I’ll admit, I probably spend more time on Twitter for a senior in high school with plenty of real-life responsibilities should be. Yet, despite producing its fair share of mindless garble, Twitter can sometimes showcase inspirational stories. For example, one evening while scrolling through the app before bed, I came across a viral story about a program in Fort Worth, Texas that pays some of the city’s homeless people to pick up trash around the city in hopes of getting people back on their feet, while also keeping the city clean.
In a quote provided to NBC’s Dallas-Fort Worth affiliate, Frank Crist, an employee of the program, Clean Slate, stated that he feels a sense of purpose by being a part of the program: “It just makes you feel better keeping [the city] cleaned up.” According to the KXAS report, the initiative costs the city almost $50,000, including $10/hour pay for employees, and eliminated almost four tons of waste last year‑‑a pretty solid return on investment.
After reading the report on this inspirational idea, I decided to research it further myself. The program is a product of Fort Worth’s Presbyterian Night Shelter, a homeless shelter with the goal of lifting people out of poverty through job training programs called social enterprises and by providing them shelter until they are back on their feet. The program’s founders cite the fact that unemployment was the primary reason for homelessness in the Fort Worth area, a $2.31 return on investment for every dollar a social enterprise spends on an employee, and savings to public services as reasons for starting the program. Presbyterian Night Center lists litter pickup, janitorial services, a commercial kitchen, and a fulfillment center among its Fort Worth social enterprises.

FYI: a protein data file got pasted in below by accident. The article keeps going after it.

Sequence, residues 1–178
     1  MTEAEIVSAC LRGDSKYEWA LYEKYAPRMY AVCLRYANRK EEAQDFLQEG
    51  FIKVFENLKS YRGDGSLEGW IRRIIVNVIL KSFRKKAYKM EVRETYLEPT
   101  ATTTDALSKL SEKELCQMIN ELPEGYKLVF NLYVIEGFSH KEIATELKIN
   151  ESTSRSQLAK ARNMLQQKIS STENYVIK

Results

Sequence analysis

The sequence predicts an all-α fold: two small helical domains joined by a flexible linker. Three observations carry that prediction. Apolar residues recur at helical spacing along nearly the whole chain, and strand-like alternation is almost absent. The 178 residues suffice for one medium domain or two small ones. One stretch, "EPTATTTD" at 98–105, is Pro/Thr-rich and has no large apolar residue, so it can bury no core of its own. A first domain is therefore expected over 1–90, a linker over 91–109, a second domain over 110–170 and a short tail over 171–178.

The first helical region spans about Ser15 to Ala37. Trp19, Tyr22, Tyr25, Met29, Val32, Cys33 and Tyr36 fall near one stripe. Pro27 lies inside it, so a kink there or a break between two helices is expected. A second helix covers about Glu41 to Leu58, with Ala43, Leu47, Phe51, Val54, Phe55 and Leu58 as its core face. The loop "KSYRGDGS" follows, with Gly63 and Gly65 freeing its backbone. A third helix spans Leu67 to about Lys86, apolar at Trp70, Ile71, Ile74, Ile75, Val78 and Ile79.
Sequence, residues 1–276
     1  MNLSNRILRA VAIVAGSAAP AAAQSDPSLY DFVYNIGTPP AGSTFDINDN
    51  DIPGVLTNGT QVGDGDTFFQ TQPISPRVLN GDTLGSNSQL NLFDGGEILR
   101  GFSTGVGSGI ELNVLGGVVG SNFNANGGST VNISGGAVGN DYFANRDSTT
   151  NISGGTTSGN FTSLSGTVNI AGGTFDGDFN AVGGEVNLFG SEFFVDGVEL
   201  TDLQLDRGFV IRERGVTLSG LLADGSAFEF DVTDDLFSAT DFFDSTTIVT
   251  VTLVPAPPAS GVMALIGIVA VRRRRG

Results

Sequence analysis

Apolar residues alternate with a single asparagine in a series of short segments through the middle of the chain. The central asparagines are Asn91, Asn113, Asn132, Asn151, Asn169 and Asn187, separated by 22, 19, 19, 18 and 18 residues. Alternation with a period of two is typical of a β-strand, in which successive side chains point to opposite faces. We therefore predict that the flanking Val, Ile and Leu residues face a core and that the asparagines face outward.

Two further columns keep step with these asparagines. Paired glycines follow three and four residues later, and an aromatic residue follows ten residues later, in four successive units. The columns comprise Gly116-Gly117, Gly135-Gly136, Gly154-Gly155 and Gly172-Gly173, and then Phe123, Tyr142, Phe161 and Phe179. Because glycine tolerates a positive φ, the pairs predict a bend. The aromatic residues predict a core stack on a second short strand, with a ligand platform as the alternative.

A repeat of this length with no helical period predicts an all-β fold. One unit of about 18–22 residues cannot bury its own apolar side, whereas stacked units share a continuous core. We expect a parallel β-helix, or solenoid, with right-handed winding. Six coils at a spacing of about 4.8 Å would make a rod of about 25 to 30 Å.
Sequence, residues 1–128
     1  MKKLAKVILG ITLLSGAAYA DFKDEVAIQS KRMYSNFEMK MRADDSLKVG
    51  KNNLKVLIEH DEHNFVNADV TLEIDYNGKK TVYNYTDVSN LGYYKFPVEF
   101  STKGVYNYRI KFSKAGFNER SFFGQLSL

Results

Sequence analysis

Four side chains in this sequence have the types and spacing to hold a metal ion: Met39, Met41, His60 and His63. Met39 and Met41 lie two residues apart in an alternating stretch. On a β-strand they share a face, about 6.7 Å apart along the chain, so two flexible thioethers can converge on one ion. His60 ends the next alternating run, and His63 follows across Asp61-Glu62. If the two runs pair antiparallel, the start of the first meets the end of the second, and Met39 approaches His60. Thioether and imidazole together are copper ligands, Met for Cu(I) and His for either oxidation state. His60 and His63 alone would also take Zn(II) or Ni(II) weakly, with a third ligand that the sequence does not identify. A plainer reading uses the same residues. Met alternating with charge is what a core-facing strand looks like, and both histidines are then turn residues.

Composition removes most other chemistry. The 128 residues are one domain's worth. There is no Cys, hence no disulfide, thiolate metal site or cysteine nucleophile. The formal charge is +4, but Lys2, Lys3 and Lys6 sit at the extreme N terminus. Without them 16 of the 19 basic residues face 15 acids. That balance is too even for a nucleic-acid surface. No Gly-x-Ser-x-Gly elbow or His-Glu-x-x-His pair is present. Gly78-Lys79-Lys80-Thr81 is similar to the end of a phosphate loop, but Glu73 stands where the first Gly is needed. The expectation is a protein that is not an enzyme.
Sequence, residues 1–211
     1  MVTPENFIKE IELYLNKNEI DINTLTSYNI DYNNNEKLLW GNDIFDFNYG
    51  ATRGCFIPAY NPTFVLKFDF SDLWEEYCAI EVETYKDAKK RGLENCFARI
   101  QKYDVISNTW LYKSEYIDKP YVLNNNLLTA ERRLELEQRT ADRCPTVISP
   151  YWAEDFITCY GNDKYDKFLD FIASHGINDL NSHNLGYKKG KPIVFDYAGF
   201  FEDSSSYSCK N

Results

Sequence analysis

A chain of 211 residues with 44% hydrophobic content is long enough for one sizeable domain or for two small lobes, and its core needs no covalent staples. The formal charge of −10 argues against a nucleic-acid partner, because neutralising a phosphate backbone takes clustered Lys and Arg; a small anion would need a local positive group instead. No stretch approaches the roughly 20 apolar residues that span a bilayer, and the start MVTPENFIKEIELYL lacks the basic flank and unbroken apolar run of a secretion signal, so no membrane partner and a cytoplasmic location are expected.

The man interviewed for that NBC story, Frank Crist, said he found a new, permanent home after 23 months of living in the shelter with many of those months spent working for Clean Slate. The success of Clean Slate has highlighted the need for more homeless programs that place people on the path to employment and permanent housing. Tarrant County Homeless Coalition executive director Otis Thornton told the Fort Worth Star‑Telegram that “[Fort Worth] doesn’t have enough places for people to land” and that shelters should focus on actively helping homeless individuals find employment.
Employment opportunities, as Crist attested, will give the homeless, many of whom are in their position because they are out of work, a sense of dignity and purpose and will put them on the path to permanent success. Providing those less fortunate than us with dignity and purpose is also the mission of Threads of Care. As a teen-run organization, we are uniquely focused on child homelessness and work with local and global nonprofits to provide people our own age with new and gently used clothing. We coordinate clothing drives at local schools and even have a fundraising drive to which you can donate online.
This Texas success story, as well as the success of our own organization, shows that empowering people with dignity and hope works, and we hope you’ll join us as we work to put a dent in teen poverty.